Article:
– Pekka
    Aug 10 '12 at 22:10
  • None of the other countries mentioned in that link would be an issue with sIFR except maybe Switzerland where it says "in theory". The England bit says "not their actual use" which is what sIFR is.
    – user1337
    Aug 10 '12 at 22:16
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    Adobe explicitly states that you can use Adobe fonts with sIFR and Cufon: adobe.com/type/browser/legal/pdfs/faq.html
    – gpr
    Aug 28 '12 at 23:29
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    What Adobe says is not automatically true with all fonts. Feb 12 '14 at 5:18

You can use all fonts of Google Font API.

From the FAQ:

Can I use the Font API on any page?

Yes. All the fonts in the Google Font Directory are licensed under open source licenses that let you use them on any website, from a private blog to a big commercial site.

  • 2
    if you use an Open Source font does your code become Open Source?
    – Mike W
    Apr 13 '17 at 19:53

There are several issues here. Also, from your post it's not clear whether you intend to just reference the fonts in your app, package them with your app or display text in images that were produced with the fonts.

  • It is legal to use a font that's already installed on the user's system. That's why there's no issue with Arial, Times, etc. You are not redistributing them with your app.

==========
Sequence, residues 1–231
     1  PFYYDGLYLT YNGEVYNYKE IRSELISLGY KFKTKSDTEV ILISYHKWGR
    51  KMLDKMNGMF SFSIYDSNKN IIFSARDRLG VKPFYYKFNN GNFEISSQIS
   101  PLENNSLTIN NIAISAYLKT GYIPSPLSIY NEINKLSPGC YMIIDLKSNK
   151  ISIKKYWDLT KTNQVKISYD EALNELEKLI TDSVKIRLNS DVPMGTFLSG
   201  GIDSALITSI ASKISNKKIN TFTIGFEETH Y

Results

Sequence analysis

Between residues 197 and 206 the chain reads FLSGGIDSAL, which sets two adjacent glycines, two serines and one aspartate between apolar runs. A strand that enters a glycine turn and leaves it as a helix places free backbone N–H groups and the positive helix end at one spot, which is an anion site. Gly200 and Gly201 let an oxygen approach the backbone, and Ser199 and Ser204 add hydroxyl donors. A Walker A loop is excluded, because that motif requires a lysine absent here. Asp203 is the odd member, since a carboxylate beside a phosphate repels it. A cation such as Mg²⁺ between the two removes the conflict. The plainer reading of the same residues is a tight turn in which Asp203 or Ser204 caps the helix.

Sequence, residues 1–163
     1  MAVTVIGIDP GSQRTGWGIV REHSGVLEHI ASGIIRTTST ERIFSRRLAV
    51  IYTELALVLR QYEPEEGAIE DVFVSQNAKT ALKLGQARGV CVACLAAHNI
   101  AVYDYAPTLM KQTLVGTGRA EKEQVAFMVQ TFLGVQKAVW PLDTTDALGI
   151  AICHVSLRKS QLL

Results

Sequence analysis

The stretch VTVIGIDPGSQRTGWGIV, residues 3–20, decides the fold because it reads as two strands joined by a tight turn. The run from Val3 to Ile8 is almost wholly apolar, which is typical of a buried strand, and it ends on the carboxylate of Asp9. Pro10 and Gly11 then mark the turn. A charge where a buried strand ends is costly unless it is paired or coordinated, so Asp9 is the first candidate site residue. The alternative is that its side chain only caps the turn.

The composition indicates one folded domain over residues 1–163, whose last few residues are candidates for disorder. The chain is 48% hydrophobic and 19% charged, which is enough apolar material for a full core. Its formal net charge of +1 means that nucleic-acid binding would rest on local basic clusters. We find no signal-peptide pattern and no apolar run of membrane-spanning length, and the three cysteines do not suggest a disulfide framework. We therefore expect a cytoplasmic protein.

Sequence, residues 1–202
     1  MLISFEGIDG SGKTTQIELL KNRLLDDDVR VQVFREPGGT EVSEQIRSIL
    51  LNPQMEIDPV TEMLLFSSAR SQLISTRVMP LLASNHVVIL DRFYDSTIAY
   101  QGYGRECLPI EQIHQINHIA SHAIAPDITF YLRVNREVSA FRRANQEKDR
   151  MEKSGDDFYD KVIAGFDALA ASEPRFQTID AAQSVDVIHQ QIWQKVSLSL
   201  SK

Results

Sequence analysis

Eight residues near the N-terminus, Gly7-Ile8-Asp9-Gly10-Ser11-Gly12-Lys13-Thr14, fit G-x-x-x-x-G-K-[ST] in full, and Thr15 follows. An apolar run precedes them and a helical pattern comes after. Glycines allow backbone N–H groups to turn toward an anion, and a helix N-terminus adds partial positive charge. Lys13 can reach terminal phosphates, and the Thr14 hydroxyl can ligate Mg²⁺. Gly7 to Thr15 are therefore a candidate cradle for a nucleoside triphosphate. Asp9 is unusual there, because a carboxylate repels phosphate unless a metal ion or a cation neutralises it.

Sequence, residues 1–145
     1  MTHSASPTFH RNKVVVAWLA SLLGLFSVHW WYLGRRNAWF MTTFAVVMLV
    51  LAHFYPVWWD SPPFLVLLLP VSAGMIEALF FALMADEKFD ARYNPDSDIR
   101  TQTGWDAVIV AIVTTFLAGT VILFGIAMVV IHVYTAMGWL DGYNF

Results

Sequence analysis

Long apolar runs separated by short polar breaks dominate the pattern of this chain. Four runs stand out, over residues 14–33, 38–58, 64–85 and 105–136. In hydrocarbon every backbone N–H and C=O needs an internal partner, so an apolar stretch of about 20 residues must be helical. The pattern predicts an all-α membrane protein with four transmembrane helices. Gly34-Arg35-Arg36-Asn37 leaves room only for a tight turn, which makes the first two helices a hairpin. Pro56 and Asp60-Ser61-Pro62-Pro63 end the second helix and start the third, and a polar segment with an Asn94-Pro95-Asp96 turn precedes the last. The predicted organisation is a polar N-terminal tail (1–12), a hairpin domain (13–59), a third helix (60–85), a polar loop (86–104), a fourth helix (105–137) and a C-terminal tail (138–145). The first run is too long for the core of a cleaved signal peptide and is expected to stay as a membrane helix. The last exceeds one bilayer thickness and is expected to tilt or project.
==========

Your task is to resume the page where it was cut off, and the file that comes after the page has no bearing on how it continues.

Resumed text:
• When you redistribute a font with your app then you have to worry about licensing. Read the license carefully.

  • There are free fonts. These are available in various places under various free licenses. A little Googling turns up various pages with promising-looking free fonts.

You might look at the free fonts distributed with XFree86. They aren't as high-quality as the commercial fonts, though.


That depends on how you use the font.

If you specify a font name in CSS, you can specify any font you like:

style="font-family:Some Commercial Font That You Do Not Own, Arial, sans-serif;"

If the visitor owns the font and has it installed, it will be used, otherwise the next fallback font (in this case Arial) will be used instead. As it's the visitor that has to own the font to see it displayed, you don't have to own the font just to put it's name in the code.

If you offer the font as download, naturally you need the permission of the creator unless the font is free distribute. If you embed the font you need to own it, but as it's not a download you don't need special permission to display it.

If you use the font in images that you display on your page, you need to own the font to create the images, but normally the images are then owned by you.

  • 1
    This is not what he asked. He's asking about the license of fonts, not about how to do stuff like this. -1. Nov 26 '09 at 19:55
  • 4
    @YourComputerHelpZ, Guffa specified the several cases where one might wish to use a "commercial" font and what the rules are in each case. Since the OP asked "Can I just use them directly without mentioning the creator of the free font or without linking the page where I download them? or I have to?", the answer is both cogent and detailed.